The falcon has started to feel comfortable leaving the chicks for up to an hour, which yesterday evening was enough time (she was actually back in 30 minutes!) for her to catch a pigeon. She is such a great hunter and tends to come back more often than not with her favourite prey item!
This got me thinking about peregrine hunting success rates. Unfortunately there doesn’t seem to be a definitive answer to this, but looking through scientific studies 20-25% of hunts (one in 4/5) ending in a kill seems to be the average find. So this means when out hunting on average she will need to go on 4 to 5 hunting stoops to be successful. Before the falcon had started hunting the tiercel was bringing in up to 5 starling sized birds per day, so may have had up to 25 hunts (which can be at least a mile in distance) a day. For an old man, he is still living a very fast lifestyle!
Peregrines rely on ambush, the element of surprise, when hunting so often a pigeon will not see our falcon coming and will be dead in milliseconds of the impact. Sometimes a pigeon (particularly the fit and aware individuals) will detect it’s pursuer and will drop away at the last minute. A peregrine will then assess the situation and way up whether it is worth continuing to chase it’s quarry. Often a pigeon at the top of it’s game can out fly and out manoeuvre a peregrine. The best hunters know when to give in and start again.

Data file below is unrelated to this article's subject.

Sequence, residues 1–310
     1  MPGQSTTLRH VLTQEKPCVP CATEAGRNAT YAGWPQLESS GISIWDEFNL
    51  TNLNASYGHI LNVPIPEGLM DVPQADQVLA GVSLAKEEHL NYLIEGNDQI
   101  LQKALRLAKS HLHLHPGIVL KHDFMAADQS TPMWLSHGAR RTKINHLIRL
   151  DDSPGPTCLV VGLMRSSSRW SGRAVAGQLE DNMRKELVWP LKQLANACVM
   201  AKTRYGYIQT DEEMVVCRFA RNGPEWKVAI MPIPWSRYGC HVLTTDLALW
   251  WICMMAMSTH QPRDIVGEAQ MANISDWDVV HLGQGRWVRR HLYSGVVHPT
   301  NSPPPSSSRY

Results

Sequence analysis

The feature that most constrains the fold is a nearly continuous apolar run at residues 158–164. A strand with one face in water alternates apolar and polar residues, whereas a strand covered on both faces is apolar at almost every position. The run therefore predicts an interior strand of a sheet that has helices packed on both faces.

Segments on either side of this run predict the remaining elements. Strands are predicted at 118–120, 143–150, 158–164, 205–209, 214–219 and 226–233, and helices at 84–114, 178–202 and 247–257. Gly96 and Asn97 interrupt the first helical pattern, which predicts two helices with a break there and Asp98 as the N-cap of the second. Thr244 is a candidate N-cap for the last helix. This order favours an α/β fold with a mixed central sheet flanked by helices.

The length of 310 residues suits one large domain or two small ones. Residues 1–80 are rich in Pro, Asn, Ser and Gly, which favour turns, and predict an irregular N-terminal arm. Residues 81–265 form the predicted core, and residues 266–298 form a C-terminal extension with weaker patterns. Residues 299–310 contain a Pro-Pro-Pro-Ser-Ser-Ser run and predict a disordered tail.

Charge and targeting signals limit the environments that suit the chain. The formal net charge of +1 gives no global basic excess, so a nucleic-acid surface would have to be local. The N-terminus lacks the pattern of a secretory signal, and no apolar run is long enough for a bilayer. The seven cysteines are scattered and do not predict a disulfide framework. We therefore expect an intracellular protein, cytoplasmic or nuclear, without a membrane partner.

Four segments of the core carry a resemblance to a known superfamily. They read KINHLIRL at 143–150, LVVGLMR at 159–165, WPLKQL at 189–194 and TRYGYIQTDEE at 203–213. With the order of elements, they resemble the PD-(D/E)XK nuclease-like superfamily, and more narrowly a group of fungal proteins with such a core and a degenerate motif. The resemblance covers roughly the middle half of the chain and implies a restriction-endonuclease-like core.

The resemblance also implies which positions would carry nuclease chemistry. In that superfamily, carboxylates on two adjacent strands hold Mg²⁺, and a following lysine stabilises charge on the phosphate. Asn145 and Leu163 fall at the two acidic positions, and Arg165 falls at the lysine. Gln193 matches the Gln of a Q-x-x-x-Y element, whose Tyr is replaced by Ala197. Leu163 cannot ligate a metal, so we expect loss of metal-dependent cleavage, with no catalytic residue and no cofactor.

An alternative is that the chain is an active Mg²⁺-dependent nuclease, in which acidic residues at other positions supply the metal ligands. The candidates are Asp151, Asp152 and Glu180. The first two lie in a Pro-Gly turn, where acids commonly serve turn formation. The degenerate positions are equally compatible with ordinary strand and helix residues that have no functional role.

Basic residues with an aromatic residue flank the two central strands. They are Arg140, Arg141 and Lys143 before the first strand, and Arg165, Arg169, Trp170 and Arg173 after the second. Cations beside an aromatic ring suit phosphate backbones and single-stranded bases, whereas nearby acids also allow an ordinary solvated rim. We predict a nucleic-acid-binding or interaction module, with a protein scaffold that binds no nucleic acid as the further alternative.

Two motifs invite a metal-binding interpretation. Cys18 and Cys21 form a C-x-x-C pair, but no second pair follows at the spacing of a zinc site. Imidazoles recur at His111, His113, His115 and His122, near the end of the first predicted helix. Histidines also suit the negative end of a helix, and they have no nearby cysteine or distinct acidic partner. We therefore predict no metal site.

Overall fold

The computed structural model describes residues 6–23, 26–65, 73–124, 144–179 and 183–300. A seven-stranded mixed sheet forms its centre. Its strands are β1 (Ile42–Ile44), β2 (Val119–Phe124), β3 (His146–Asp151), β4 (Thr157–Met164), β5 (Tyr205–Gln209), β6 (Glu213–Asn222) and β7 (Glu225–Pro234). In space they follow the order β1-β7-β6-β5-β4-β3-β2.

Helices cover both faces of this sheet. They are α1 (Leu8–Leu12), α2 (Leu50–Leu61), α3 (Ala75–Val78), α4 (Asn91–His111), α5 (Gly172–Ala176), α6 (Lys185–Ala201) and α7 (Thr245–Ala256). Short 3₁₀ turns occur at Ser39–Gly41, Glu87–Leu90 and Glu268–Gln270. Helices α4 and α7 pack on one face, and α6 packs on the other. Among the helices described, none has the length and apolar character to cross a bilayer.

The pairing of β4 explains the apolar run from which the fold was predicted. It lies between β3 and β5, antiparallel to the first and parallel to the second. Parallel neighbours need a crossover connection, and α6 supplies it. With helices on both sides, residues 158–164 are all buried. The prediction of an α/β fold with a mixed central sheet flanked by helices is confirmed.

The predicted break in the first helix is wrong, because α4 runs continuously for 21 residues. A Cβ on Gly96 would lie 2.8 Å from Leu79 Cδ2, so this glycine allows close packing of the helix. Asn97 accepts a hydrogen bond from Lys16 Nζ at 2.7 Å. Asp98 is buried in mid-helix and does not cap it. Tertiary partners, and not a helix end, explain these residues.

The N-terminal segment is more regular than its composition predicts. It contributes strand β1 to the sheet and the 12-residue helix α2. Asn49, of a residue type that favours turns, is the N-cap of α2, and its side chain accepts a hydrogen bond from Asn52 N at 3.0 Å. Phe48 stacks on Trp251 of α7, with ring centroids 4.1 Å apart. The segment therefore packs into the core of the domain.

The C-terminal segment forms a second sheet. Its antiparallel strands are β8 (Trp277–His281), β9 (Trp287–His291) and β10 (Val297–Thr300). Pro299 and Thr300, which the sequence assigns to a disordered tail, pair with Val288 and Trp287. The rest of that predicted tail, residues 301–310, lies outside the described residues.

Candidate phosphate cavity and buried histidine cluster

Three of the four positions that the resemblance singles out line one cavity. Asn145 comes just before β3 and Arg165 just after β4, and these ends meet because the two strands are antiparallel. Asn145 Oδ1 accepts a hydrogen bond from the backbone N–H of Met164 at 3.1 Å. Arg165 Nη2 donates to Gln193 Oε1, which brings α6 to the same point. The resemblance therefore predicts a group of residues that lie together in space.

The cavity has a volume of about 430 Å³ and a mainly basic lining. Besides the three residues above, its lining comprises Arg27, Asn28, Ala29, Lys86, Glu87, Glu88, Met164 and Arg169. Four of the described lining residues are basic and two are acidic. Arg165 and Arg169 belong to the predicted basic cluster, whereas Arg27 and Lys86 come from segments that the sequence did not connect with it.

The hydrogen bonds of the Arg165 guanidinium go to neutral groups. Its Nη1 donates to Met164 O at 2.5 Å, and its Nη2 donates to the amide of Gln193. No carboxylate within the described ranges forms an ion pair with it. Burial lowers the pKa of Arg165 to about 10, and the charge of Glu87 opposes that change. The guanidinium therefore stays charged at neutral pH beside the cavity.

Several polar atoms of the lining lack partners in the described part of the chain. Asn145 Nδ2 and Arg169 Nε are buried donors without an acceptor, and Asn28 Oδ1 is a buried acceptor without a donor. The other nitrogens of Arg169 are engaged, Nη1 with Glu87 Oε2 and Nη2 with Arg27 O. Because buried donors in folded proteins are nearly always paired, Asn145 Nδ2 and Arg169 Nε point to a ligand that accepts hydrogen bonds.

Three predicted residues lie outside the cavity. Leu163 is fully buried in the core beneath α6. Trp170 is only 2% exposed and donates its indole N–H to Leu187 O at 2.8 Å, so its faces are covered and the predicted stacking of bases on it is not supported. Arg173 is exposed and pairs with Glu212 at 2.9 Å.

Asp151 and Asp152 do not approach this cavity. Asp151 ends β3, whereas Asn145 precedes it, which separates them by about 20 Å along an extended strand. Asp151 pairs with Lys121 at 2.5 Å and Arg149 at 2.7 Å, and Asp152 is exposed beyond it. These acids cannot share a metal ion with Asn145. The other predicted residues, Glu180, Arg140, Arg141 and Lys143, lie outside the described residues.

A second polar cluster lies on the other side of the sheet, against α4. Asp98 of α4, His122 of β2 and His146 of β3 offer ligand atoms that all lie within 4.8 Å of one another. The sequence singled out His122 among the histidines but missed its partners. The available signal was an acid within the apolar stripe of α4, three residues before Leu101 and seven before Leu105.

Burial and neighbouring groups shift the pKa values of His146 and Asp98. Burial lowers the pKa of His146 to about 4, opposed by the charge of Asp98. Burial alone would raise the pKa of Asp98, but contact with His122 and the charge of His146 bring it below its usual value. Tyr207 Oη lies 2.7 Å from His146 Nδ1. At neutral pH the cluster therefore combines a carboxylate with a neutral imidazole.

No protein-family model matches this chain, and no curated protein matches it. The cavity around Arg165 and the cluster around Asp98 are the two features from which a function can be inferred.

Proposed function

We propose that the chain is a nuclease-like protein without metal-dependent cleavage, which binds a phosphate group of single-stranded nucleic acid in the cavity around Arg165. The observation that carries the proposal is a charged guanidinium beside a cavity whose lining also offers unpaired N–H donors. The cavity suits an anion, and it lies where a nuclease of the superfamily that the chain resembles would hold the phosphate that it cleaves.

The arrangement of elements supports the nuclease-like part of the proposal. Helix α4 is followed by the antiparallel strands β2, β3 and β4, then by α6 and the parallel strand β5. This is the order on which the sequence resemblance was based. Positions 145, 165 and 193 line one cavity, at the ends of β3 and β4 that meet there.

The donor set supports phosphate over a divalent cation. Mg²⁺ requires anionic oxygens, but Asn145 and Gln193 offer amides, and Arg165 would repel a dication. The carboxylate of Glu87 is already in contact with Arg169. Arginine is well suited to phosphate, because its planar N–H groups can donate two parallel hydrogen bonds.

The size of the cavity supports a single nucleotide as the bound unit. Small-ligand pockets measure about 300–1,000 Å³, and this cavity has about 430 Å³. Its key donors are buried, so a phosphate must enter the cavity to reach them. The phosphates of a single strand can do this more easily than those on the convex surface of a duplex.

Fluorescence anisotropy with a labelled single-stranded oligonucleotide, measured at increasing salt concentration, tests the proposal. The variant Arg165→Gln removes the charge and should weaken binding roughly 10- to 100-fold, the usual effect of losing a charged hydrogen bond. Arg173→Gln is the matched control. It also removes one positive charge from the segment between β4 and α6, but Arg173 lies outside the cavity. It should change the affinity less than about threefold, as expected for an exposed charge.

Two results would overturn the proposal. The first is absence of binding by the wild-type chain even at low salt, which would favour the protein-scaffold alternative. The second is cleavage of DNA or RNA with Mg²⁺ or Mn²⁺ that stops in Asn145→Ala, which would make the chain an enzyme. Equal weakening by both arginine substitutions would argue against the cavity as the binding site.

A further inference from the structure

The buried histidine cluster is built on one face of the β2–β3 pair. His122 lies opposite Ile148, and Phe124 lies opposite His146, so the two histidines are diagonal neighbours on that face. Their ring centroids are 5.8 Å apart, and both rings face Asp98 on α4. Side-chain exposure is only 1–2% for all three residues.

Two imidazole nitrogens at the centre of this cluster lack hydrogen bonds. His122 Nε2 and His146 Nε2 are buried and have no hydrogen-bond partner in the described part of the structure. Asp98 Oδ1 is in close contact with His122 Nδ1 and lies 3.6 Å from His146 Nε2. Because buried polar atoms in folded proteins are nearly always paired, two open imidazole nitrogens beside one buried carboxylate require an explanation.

As with many traits, hunting success differs with individuals. It’s quite possible our falcon and tiercel have a higher stoop to kill ratio than mentioned above. To hold this territory and raise so many chicks they are both strong and very fit individuals. There was one american tiercel appropriately named the red baron, who was recorded to have a 93% success rate. I like to think at least one of our pair could rival this!
The chicks continue to grow at an resounding rate, the falcon has started struggling to be able to sit on them comfortably!
Tom Wells – Peregrine Protection Officer
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The falcon has started to feel comfortable leaving the chicks for up to an hour, which yesterday evening was enough time (she was actually back in 30 minutes!) for her …